Daniel Craig as James Bond has revitalised the franchise, with 007 becoming a morally corrupt realistic depiction of what the MI6 super spy would be in the 21st century.
“Casino Royale” is personally still my favourite of the Craig era Bond outings, but 2012s “Skyfall” wasn’t far behind, with the series subtly adding some of the more fantastical elements from the Connery/Moore era, while also adding some backstory and history to the character.
Now with “SPECTRE” the history of the man is stripped away even more. I am not a particular fan of making 007 the tortured soul, I prefer the iconic spy to be more of a mystery and let the missions take centre stage.
Sam Mendes like he did with “Skyfall” has delivered a Bond movie that ticks all the boxes; the girls , the cars, the gadgets and even the hidden base. The restraints are clearly off, with more quips and more fun than the previous Craig outings.
The film often felt like a greatest hits of all the best Bond films. A fight on a train against the henchman Mr. Hinx (Dave Bautista) was reminiscent of Roger Moore’s fight with iconic villain Jaws in “The Spy Who Loved me”. There was even a call back to “Dr. No” with 007 strapped to a torture device.
The pacing for the first hour was frantic, with a fantastic opening at the Day of the Dead festival in Mexico a stand out moment. The second half felt considerably slower. 007 does the usual amount of globe trotting that takes him to Rome, Austria, Tangiers and for the finale back to London. The action was classic bond with car chases (one involving a plane) , hand to hand combat and escaping exploding buildings, as well as blowing two up in the process.
Christoph Waltz is solid in his role as villain Franz Oberhauser, but with a little too much evil villain moustache twirling. But this served the story well, as with all things in “SPECTRE” subtlety went out of the window. This is a action packed, high-octane, non-apologetic Bond movie.
Adam Scott played is role as Max Denbigh (C) with a bureaucratic campiness that forced an instant dislike. His character as head of the new Centre for National Security was intent on dissolving the double 0 division, this gave M played by Ralph Fiennes a purpose in London that served as a decent sub-plot. The secondary action also hammered home the central theme and gave it some relevance with modern reality, surveillance and who should have this power.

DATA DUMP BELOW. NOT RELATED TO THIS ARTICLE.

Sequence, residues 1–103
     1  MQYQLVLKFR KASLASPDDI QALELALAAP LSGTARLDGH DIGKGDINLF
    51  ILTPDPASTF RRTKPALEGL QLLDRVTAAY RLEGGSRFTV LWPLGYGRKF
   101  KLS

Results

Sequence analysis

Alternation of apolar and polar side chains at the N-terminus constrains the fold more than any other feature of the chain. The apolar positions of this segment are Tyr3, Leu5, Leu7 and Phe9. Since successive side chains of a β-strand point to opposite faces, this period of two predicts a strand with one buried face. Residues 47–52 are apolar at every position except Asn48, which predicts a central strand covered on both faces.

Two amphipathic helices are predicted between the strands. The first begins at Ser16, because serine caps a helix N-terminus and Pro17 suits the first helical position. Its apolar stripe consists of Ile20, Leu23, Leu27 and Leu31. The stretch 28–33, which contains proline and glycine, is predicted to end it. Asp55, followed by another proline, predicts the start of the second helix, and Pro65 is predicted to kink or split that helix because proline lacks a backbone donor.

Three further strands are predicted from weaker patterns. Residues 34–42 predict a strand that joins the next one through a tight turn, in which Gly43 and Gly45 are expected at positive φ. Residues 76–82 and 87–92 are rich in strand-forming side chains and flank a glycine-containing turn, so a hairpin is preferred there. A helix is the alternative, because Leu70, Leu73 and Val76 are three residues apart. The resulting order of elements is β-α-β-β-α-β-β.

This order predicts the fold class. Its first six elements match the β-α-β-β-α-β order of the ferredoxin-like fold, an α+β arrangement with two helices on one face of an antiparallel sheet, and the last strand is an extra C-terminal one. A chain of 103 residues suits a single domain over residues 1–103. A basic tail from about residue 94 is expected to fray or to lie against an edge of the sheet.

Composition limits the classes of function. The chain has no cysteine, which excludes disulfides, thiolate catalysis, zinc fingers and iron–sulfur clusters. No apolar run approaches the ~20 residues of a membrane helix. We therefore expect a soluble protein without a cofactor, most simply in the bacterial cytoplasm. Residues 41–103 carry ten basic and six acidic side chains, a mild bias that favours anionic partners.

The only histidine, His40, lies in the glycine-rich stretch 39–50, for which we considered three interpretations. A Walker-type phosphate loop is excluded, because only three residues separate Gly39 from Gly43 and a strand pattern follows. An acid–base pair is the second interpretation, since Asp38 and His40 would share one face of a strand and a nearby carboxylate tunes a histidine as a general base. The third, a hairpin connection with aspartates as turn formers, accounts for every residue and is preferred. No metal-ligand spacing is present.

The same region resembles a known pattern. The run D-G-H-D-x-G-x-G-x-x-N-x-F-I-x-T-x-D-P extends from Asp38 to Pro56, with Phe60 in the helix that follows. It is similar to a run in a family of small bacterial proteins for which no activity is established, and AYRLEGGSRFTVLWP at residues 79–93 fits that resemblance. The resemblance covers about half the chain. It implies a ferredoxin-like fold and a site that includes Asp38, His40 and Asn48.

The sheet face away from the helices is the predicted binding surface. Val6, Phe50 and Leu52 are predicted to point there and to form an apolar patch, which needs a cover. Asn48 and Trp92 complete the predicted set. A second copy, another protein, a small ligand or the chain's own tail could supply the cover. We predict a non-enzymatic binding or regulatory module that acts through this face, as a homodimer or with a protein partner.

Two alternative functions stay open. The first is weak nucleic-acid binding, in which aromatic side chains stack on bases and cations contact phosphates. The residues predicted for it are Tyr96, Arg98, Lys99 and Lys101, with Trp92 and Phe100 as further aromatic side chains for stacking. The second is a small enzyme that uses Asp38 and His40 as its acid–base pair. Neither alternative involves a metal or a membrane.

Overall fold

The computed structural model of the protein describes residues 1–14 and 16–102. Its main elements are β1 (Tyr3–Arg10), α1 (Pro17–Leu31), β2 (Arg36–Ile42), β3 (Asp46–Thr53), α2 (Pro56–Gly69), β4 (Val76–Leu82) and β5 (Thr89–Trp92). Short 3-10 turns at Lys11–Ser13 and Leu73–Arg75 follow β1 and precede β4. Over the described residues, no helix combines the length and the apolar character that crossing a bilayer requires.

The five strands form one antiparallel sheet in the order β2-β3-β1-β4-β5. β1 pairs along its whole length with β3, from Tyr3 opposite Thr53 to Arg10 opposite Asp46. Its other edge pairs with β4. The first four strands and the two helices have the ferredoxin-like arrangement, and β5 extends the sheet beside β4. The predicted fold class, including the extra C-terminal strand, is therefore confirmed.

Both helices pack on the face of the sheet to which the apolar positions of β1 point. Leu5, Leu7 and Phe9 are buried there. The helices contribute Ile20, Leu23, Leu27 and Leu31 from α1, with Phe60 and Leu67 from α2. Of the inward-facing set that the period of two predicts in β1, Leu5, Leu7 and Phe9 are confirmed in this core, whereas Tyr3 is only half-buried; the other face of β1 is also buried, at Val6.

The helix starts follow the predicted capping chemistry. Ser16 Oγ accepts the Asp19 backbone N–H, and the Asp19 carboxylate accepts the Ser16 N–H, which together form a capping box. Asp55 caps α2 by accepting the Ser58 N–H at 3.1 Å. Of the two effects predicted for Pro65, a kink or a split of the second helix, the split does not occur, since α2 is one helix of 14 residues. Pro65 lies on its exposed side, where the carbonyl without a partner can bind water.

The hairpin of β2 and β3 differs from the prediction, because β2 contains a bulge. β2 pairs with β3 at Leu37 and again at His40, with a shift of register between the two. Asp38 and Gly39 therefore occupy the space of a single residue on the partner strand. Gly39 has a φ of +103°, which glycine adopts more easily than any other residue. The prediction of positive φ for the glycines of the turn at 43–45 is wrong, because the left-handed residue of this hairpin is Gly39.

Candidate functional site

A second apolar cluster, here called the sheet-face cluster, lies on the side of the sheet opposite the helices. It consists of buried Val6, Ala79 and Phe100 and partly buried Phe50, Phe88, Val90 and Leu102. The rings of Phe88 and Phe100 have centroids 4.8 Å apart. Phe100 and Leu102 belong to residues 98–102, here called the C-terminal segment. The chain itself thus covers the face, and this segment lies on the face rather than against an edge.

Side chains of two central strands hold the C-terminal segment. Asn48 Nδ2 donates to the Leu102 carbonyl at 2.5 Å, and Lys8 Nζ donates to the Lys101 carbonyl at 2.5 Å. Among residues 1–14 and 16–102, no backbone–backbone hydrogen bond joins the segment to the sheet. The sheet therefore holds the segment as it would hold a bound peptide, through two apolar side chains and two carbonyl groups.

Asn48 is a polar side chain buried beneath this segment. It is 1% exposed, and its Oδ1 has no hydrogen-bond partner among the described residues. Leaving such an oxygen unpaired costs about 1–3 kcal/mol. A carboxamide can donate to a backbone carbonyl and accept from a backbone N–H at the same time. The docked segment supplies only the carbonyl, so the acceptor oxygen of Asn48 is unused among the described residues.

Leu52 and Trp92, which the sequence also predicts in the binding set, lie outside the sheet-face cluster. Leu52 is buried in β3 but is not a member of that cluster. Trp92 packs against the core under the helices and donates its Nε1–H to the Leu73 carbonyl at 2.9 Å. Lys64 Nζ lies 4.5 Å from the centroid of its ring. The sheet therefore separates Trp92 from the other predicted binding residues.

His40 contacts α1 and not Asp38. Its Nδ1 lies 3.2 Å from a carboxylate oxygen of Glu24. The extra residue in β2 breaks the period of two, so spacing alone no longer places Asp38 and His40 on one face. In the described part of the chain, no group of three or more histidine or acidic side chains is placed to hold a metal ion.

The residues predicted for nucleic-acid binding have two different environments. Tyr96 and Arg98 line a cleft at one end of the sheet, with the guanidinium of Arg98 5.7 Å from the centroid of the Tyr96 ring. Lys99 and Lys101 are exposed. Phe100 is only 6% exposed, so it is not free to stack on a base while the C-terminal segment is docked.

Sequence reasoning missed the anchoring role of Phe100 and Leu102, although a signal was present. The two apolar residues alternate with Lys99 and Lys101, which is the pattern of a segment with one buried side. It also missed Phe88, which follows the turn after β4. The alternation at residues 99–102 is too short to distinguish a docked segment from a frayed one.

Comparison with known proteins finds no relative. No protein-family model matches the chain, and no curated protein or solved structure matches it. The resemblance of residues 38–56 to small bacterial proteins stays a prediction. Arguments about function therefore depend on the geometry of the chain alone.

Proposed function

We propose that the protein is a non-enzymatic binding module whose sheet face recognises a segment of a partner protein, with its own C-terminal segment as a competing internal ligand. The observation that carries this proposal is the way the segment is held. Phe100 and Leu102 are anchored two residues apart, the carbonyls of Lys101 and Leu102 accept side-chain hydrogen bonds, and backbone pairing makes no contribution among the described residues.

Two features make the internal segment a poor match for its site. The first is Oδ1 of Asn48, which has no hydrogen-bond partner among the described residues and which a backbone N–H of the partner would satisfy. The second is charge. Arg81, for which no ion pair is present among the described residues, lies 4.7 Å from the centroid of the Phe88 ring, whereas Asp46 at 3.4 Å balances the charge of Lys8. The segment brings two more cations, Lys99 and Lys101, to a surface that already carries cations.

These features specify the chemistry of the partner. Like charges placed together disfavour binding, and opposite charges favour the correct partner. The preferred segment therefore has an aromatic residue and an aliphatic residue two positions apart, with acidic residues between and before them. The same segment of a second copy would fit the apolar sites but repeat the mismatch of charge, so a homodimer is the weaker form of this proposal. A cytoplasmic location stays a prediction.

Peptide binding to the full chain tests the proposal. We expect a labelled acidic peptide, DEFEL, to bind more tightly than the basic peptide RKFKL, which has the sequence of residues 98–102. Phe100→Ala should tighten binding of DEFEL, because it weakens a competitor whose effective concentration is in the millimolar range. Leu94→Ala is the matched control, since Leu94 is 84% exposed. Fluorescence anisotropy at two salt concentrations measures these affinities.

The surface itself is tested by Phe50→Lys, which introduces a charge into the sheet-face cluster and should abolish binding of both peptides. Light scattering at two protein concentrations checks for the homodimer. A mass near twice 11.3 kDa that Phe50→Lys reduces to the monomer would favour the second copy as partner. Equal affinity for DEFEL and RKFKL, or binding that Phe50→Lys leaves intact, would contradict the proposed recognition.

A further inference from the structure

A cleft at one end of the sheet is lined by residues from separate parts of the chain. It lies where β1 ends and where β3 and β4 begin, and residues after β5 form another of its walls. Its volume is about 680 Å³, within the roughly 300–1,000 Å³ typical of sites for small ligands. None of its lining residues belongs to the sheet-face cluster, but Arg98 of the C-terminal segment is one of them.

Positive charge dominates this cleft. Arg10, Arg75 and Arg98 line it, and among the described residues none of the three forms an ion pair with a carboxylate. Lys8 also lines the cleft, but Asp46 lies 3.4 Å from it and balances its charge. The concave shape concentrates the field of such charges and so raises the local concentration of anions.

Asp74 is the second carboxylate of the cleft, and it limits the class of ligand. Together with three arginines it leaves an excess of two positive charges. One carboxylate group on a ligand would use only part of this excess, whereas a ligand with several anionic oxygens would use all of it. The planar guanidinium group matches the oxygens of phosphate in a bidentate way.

Monica Bellucci really shone in what was in essence an extended cameo, her chemistry with Craig was electric. It was also nice to Jesper Christensen’s Mr. White again, who’s iconic lines that featured in the trailers are just as impactful in the feature. Léa Seydoux’s performance was solid enough but the writing of her character felt disingenuous and the romance with 007 felt all too rushed and only necessary to feed the story. I didn’t buy it, it didn’t have the same impact as Bond’s relationship with Vesper Lynd in “Casino Royale”, but the story tellers tried too hard to convince us of the believability.
Daniel Craig is a great James bond and you can tell he is now completely comfortable with the role, he has softened the edges a little and is perhaps less Dalton and more Moore on the charmer-scale. This Bond unlike Moore however is coolness personified with Craig looking dapper in a range of tailored suits for all occasions, in what was almost an extended ad for fashion designer Tom Ford . Craig also manages to convey the right amount of power and vulnerability with just the right amount suave.
“SPECTRE” ties all the previous Craig outings together, which at times felt slightly forced. This eagerness to tie up and almost cap off all four entries with a crescendo does give me the sense that this could be the last time we see Craig in the role. There was almost a moment towards the end that I thought we could see a bizarre introduction of Idris Elba, in an announcement of the new casting on film. I get the feeling it was intentional on the filmmakers behalf to have a little fun with the audience, after the wide-spread speculation.
This outing is definitely the most traditional Bond film in the Craig era and perhaps that is half the problem, hence why I feel a little disappointed. We didn’t get anything new here, to a certain extent it felt like going backwards . “SPECTRE” is a good but all too predictable 007 film, it is entertaining and delivers all that we have come to expect, but after “Skyfall” I was expecting and wanting more.
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